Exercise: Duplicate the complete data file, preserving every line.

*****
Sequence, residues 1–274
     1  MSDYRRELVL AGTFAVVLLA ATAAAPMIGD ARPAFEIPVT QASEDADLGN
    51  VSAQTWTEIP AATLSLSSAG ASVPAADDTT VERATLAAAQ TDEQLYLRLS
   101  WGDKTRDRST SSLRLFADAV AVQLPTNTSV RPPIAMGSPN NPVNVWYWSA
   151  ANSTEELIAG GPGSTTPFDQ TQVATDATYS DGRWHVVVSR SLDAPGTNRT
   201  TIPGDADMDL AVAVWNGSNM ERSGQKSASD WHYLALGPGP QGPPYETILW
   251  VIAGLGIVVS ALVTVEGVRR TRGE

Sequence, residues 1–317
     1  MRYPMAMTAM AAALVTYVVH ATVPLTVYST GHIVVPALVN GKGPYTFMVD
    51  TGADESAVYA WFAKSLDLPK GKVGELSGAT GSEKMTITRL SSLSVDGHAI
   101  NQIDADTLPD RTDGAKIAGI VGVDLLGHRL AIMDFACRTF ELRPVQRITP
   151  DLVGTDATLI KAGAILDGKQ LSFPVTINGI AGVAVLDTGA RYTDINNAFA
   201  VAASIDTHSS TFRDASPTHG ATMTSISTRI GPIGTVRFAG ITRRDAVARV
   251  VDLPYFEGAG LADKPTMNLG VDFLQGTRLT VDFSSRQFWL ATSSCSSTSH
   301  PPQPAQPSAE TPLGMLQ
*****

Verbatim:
Sequence, residues 1–274
     1  MSDYRRELVL AGTFAVVLLA ATAAAPMIGD ARPAFEIPVT QASEDADLGN
    51  VSAQTWTEIP AATLSLSSAG ASVPAADDTT VERATLAAAQ TDEQLYLRLS
   101  WGDKTRDRST SSLRLFADAV AVQLPTNTSV RPPIAMGSPN NPVNVWYWSA
   151  ANSTEELIAG GPGSTTPFDQ TQVATDATYS DGRWHVVVSR SLDAPGTNRT
   201  TIPGDADMDL AVAVWNGSNM ERSGQKSASD WHYLALGPGP QGPPYETILW
   251  VIAGLGIVVS ALVTVEGVRR TRGE

Sequence, residues 1–317
     1  MRYPMAMTAM AAALVTYVVH ATVPLTVYST GHIVVPALVN GKGPYTFMVD
    51  TGADESAVYA WFAKSLDLPK GKVGELSGAT GSEKMTITRL SSLSVDGHAI
   101  NQIDADTLPD RTDGAKIAGI VGVDLLGHRL AIMDFACRTF ELRPVQRITP
   151  DLVGTDATLI KAGAILDGKQ LSFPVTINGI AGVAVLDTGA RYTDINNAFA
   201  VAASIDTHSS TFRDASPTHG ATMTSISTRI GPIGTVRFAG ITRRDAVARV
   251  VDLPYFEGAG LADKPTMNLG VDFLQGTRLT VDFSSRQFWL ATSSCSSTSH
   301  PPQPAQPSAE TPLGMLQ